As Claudette Colvin, a civil rights pioneer, aims to have her records erased from her role in the civil rights movement, similar considerations have arisen regarding the clearance of the arrest records of Martin Luther King Jr. and Rosa Parks. The convictions of Parks and King are still upheld in Montgomery, Ala.
At the age of 15, Colvin refused to give up her seat to a white person in which she was forcibly removed by police officers, arrested and put on unspecified probation. Nine months following this occurrence, Parks, a black seamstress and activist, refused to give up her seat to a white person in which she was arrested and fined $10. Parks refused to pay the $10 fine she had been given. Likewise, King’s role in leading the subsequent Montgomery Bus Boycott led to a conviction and hefty $500 fine after courts ruled that he trespassed a law banning boycotts in 1956.
“Montgomery County Circuit Clerk Gina Ishman said expunging court documents removes convictions from defendants’ record but generally does not result in the destruction of documents, such as the historical police and court records involving people like Colvin, King and Parks,” The Detroit News stated. Similarly, Montgomery County District Attorney Daryl Bailey, the chief prosecutor in Montgomery, expressed his support towards the expungement of the arrest records of King and Parks. However, Bailey explained the need to attain specifics of these arrests prior to responding in court.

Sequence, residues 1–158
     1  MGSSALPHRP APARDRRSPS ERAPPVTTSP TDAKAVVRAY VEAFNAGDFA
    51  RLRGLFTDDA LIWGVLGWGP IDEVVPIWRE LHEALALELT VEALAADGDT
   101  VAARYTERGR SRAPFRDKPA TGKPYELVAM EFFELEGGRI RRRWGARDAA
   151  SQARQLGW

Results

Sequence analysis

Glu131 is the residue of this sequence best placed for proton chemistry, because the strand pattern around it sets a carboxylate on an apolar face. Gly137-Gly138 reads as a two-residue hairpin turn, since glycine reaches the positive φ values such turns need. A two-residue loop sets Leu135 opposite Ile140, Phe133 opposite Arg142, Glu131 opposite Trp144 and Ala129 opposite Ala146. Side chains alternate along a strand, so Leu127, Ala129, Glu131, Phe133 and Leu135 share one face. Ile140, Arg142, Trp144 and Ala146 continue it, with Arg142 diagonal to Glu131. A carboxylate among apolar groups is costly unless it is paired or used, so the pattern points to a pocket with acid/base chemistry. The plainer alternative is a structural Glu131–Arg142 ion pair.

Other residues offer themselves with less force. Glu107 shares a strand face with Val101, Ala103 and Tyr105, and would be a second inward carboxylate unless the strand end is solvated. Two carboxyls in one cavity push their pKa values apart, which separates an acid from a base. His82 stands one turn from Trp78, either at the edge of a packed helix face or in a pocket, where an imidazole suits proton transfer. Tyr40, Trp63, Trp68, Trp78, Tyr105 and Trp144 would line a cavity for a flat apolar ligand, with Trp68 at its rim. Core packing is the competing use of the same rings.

In the 1950s and ‘60s, large quantities of people faced arrest across the South throughout the civil rights demonstrations. After the city of Birmingham offered pardons to people who endured arrest during these demonstrations in 1963, many former protesters expressed that they viewed their arrest records as a badge of honor towards civil rights. Hence, many people refused to receive the pardon offered by the city of Birmingham.
Colvin explained that the conviction had never distressed her, but her family was concerned because she had never been given any notice stating that her probation concluded. According to Colvin, the worst part of the ordeal was losing friends from high school due to her act of resistance. “They didn’t want to be around me,” Colvin shared.
As Colvin seeks to have her arrest records wiped away, she notes the symbolic nature of this decision as she aims to honor the justice that so many Black people fought and continue to fight for within the United States.
“My mindset was on freedom,” Colvin stated as she concluded filling out the expungement request.
Sources: The Detroit News